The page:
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Can someone help identify what this is called being used as hedging in the south of the UK?

Looking online at pre-grown ready to plant hedging it looks similar to Cherry Laurel, but I'm no expert.

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    That's not a great photo I'm afraid, its too dark to see detail, if you can take another, clearer one that would help - the size of the leaf could mean cherry laurel, but the leaves, from the little I can see, do not look right to be that.
    – Bamboo
    Feb 24 '17 at 12:24
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It is Griselinia littoralis - there's a variegated version too, but its not as hardy as Prunus laurocerasus (cherry laurel) and may lose its leaves in a severe winter. In the north of the UK, it may actually be killed in a hard winter, but it does well in coastal regions,where its frequently used as hedging. https://www.rhs.org.uk/plants/details?plantid=889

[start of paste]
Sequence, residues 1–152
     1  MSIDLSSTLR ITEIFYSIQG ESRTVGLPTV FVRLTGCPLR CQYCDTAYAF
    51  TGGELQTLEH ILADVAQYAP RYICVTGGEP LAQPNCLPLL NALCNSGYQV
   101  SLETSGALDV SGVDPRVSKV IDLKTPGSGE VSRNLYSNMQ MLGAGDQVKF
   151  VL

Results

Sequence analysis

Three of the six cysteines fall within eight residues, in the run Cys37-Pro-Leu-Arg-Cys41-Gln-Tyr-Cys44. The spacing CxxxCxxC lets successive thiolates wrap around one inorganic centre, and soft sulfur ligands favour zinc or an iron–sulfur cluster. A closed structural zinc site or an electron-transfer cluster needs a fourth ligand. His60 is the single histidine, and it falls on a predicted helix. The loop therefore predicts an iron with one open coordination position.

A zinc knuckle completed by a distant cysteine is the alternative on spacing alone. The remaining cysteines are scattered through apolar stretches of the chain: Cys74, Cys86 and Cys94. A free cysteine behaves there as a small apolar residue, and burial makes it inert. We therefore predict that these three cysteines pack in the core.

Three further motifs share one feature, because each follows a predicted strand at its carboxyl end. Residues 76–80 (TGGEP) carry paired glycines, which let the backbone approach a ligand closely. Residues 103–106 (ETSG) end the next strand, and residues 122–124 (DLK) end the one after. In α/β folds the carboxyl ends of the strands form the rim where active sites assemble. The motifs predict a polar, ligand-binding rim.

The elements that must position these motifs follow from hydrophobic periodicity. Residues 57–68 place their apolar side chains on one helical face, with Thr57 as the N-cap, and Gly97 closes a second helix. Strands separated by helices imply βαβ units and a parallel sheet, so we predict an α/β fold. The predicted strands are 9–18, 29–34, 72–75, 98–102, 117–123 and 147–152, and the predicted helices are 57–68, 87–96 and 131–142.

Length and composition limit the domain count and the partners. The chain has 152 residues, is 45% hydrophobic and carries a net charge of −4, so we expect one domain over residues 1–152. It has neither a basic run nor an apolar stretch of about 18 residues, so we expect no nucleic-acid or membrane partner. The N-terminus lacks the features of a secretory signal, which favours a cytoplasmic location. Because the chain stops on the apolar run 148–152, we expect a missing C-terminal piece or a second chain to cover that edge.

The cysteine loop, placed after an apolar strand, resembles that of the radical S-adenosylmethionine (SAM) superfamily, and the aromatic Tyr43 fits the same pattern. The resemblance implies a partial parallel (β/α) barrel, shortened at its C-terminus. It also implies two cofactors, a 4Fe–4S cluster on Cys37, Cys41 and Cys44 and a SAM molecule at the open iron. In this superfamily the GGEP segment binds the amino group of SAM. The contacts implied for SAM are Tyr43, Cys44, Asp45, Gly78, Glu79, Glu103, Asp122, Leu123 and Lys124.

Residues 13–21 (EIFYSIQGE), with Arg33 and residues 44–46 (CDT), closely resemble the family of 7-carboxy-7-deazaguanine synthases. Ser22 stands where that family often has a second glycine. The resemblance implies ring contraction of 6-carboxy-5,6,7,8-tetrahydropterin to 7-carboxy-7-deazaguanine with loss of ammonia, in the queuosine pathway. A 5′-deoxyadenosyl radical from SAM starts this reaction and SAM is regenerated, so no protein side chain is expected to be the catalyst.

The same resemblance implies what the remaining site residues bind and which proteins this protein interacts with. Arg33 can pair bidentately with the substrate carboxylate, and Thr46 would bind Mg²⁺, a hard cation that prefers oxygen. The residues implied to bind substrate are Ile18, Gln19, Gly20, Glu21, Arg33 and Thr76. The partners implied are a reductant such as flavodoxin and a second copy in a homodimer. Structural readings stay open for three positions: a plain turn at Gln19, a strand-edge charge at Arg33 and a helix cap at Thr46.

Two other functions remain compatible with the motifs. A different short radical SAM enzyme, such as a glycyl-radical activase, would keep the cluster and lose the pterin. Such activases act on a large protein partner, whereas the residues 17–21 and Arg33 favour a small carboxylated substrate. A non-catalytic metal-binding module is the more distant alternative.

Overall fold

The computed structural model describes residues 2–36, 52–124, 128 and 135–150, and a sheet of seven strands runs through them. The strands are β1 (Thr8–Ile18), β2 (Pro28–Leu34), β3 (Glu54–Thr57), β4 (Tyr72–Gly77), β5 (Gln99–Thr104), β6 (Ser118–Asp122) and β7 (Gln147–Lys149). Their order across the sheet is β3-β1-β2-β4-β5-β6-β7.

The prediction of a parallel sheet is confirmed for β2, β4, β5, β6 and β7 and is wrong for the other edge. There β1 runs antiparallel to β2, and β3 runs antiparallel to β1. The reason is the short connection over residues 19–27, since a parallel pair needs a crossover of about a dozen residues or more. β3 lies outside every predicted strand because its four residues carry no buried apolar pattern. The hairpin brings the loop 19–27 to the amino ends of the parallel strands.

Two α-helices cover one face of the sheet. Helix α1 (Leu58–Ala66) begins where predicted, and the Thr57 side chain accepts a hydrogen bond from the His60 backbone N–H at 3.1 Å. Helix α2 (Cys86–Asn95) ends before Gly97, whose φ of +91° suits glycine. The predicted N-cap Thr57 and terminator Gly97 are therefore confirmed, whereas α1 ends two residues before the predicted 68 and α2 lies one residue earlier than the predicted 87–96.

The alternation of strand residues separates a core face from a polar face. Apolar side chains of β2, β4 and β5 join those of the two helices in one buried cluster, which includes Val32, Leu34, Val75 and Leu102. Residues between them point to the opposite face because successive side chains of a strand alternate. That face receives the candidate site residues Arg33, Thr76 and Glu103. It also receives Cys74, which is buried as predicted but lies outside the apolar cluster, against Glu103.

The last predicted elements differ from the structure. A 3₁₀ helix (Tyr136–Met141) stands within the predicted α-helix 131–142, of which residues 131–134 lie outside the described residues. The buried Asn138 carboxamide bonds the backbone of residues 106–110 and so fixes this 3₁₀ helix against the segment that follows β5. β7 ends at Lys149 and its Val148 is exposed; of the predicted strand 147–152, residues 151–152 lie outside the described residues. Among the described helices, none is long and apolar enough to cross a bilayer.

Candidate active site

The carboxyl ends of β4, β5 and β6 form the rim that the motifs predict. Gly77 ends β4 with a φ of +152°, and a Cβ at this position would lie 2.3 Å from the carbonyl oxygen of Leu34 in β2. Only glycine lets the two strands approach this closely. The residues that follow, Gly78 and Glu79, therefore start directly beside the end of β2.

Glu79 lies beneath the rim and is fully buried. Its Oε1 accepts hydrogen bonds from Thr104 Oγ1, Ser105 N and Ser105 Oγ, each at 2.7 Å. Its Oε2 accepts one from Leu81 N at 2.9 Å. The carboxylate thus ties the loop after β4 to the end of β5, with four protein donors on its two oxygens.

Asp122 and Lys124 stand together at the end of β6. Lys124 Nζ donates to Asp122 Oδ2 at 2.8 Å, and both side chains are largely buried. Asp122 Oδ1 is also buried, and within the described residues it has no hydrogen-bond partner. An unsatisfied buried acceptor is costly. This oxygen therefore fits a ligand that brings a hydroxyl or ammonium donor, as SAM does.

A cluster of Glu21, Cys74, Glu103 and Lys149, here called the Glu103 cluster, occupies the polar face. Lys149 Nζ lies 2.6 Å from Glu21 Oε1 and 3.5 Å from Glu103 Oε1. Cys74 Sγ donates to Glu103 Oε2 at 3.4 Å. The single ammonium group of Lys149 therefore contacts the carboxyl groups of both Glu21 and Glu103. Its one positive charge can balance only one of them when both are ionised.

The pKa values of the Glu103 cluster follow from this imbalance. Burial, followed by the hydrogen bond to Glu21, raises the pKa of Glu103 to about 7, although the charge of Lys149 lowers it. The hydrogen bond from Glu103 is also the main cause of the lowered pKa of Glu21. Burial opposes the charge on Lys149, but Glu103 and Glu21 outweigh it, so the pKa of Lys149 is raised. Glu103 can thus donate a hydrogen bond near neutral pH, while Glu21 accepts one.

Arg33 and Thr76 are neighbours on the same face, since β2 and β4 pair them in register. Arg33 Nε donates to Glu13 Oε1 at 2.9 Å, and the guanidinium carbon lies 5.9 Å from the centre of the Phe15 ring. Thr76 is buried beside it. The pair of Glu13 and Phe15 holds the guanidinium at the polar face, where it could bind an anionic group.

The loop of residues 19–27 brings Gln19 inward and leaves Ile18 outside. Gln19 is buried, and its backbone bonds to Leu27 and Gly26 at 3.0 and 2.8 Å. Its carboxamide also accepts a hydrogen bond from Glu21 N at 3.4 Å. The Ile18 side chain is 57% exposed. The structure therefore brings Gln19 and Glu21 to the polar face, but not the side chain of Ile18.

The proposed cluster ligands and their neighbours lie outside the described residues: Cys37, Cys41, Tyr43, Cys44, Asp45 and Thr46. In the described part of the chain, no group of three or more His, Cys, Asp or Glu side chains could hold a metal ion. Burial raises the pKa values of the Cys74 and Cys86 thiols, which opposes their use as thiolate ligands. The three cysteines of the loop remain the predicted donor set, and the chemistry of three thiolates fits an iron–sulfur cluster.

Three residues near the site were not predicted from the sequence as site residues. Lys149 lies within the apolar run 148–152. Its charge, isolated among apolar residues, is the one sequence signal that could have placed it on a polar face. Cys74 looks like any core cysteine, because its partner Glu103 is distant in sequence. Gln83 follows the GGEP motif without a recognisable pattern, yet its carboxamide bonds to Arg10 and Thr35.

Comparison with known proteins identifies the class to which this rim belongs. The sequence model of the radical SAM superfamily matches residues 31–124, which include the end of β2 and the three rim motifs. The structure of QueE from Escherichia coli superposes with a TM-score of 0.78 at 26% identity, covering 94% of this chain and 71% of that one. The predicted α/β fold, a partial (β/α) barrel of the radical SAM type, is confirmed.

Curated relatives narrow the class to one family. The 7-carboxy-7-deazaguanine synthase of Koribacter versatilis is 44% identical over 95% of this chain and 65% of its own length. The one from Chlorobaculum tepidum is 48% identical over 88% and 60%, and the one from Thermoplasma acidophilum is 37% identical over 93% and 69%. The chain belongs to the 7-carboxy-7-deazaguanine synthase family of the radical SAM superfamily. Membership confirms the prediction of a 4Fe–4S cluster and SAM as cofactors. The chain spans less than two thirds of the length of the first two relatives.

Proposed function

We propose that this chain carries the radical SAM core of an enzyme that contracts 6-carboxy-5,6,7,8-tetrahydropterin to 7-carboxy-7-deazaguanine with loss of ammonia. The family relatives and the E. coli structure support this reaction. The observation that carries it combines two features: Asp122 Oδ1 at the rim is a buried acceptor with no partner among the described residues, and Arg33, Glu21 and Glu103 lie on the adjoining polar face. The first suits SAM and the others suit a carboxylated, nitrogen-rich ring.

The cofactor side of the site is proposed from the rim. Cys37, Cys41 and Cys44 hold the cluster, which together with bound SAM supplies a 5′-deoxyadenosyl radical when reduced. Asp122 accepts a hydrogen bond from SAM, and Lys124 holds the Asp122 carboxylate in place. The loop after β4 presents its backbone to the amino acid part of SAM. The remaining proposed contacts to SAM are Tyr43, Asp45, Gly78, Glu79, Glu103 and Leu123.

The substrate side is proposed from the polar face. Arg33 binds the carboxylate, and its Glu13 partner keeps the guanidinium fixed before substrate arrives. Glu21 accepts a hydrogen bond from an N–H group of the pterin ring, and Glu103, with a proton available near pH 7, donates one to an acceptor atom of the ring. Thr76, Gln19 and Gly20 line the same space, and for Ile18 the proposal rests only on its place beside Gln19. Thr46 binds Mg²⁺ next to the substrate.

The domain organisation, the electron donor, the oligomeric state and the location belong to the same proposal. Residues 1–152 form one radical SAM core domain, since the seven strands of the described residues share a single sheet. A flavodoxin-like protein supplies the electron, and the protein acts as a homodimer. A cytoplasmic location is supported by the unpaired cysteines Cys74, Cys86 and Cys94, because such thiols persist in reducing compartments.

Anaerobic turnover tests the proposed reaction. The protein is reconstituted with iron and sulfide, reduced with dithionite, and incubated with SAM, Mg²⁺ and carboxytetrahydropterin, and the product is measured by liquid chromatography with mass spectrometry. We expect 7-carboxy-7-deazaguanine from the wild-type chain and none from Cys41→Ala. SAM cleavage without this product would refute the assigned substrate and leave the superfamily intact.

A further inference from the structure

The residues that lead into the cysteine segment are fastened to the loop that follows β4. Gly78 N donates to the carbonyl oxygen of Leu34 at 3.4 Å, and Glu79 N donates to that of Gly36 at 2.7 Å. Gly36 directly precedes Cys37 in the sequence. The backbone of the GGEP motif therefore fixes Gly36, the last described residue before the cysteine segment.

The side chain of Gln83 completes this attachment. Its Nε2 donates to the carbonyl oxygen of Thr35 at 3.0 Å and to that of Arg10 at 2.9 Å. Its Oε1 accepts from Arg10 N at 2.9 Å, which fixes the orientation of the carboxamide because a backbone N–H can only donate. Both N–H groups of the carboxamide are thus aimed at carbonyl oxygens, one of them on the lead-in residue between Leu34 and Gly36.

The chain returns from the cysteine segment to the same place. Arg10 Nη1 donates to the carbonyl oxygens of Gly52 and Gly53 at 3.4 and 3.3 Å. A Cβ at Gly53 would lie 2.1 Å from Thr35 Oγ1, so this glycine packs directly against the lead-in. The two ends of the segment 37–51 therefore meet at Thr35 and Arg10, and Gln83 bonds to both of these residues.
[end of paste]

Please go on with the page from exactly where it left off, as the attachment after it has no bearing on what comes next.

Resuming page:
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  • Looks good to me. best4hedging.co.uk/griselinia-littoralis-hedge-plant-pp20. Thanks for helping. Appreciated. Feb 24 '17 at 19:39
  • Definitely Griselinia. I'm a landscape architect and we frequently use these on residential schemes in the South of England. With the climate going the way it is, we're not too worried. Personally, not a great fan - there are better and tidier evergreens for hedges. Ecologically, they're pretty useless. I wish we could use native hedges more. Feb 25 '17 at 18:44
  • @Georgeofalltrades - the last time any were defoliated or died was back in 2010, during that snowy winter. And why can't you use 'native' hedging more, though not sure quite what you mean by native anyway, unless you mean 'considered to be native'...
    – Bamboo
    Feb 25 '17 at 19:00
  • Clients consider it to be untidy and engineers refuse to allow tree species such as Carpinus betulus due to fears about soil shrinkage and National Housebuilding Council standards. It's all pretty mindless and bad science for the most part. Feb 25 '17 at 19:12
  • As for what's native, well that's an argument that rages on... I feel comfortable saying that Griselinia isn't! Feb 25 '17 at 19:13

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